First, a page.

Yadier Molina’s Potential Payday and Catcher Aging

It has been a tumultuous off-season for the World Series Champion St. Louis Cardinals, as they lost their face of the franchise first baseman, their iconic manager, and a couple of key front office members. However, life goes on, and it is time for the Cards to focus on the players they do have on their roster. One of those players is catcher Yadier Molina, who, after having his team option picked up, is in the last year of his current contract. From a PR perspective, letting Molina walk – and essentially losing their top two homegrown players in consecutive off-seasons – would be a disaster, but does re-signing the 29-year-old backstop to a lucrative deal make sense for the Cardinals?

Molina has always been known for his defense, as scouts rave about his prowess behind the dish. This is supported by the fact that he has nabbed 44% of potential base stealers in his career, and over the last four seasons has been worth 15.9 fielding runs. Miguel Olivo, at 10.0, is the only other catcher in double digits. There is still a lot of work to be done on catcher metrics, but in this case the stats match the eyes. Although known mainly for his contributions behind the plate, Molina has also stepped up his offensive game. After posting wRC+ marks of 69 and 52 in his first two full seasons, Molina has been over 84 each of the last five seasons, including a career-high 123 in 2011. This was fueled by an ISO of .160, which is 54 points better than his previous high. While it’s not impossible for a player to find his power stroke at age 29, 2011 was most likely an outlier in terms of power production.

After reading the above paragraph, one would believe that we are talking about a very good player, and of course we are. Over the last five seasons, only five catchers have more WAR than Molina’s 14.7, and two of them have very weak defensive reputations (Mike Napoli, Victor Martinez). However, the fact that he is a catcher was not getting its proper due. It has long been the industry belief that catchers break down earlier than other players due to the rigors of the position. This has generally prevented catchers from receiving lucrative long-term deals, and it doesn’t help that Joe Mauer’s eight-year extension is currently blowing up in Minnesota’s face.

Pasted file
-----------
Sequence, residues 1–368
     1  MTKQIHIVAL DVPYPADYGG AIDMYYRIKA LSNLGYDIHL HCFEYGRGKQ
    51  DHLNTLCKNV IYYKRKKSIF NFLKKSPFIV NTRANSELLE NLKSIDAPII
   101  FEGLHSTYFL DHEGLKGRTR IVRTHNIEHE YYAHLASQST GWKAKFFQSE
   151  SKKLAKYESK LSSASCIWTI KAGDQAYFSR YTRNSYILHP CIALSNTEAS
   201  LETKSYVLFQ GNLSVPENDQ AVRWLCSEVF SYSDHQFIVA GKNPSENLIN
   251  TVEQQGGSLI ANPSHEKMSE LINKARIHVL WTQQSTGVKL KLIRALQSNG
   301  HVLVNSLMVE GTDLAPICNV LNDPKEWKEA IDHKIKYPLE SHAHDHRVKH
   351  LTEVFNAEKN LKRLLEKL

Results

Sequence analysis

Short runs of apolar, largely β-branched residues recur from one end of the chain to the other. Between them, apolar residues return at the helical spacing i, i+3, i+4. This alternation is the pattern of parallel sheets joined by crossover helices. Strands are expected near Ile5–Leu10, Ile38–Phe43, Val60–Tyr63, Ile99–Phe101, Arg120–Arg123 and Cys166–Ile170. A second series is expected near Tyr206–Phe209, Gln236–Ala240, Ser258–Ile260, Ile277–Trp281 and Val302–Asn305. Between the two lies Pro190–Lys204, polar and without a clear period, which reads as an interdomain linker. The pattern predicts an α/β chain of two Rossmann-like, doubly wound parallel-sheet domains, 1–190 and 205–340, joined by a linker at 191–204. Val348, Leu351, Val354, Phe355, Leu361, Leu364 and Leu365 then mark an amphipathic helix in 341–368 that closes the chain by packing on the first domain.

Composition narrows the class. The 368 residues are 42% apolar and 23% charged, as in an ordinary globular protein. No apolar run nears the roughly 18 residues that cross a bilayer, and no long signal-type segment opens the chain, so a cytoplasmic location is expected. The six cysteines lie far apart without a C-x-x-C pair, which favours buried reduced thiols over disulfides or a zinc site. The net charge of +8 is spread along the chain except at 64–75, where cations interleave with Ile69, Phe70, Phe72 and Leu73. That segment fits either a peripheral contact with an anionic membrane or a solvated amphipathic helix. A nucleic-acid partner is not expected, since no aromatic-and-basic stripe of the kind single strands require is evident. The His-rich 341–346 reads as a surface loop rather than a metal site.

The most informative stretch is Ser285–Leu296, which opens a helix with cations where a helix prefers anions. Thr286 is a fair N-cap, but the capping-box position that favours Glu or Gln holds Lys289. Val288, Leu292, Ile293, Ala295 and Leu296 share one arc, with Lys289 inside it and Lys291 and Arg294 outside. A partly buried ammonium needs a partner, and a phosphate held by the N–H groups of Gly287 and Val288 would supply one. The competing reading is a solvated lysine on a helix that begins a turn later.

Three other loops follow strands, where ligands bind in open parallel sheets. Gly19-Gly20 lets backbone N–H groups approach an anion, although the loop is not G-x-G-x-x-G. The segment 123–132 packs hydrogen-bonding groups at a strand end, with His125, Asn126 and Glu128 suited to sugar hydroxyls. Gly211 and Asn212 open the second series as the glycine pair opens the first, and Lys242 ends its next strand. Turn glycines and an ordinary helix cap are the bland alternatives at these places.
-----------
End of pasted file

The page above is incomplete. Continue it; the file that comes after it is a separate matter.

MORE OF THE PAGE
On the other hand, we all know that industry beliefs don’t always turn out to be correct. I asked the wonderful Jeff Zimmerman to put together some aging curves on catchers to see if the Cardinals would be taking on more risk due to the fact that Molina is a catcher. The results may be a little surprising.

The blue curve is the aging curve for all players, which is self-explanatory. The red curve consists of 70 players since 1981 that I identified who spent significant time as a full-time catchers. The criteria used was at least four seasons with minimum 800 innings caught (lower in strike seasons). To put that number in perspective, 18 players caught 800 innings last season. The criteria for the yellow curve is a little more lenient – it consists of players who spent at least one season as a part-time catcher since 1981. One season of 200 innings caught will get a player into the sample. The samples were cut off after 30 years because they had enough data points to create a curve, and given advances in medicine, nutrition and training, it is more helpful to compare players to their contemporaries.

As can be seen from the graph, the general catcher population ages in a very similar fashion to the all players sample. This is partially due to the fact that this sample contains players who moved off catcher very early in their careers like Brandon Inge, Todd Zeile, and Craig Biggio. While aging curves aren’t perfect, it would appear that the concern over catchers falling apart at a young age is somewhat overblown. It certainly appears reasonable that teams can preserve a catcher by properly managing his innings behind the plate.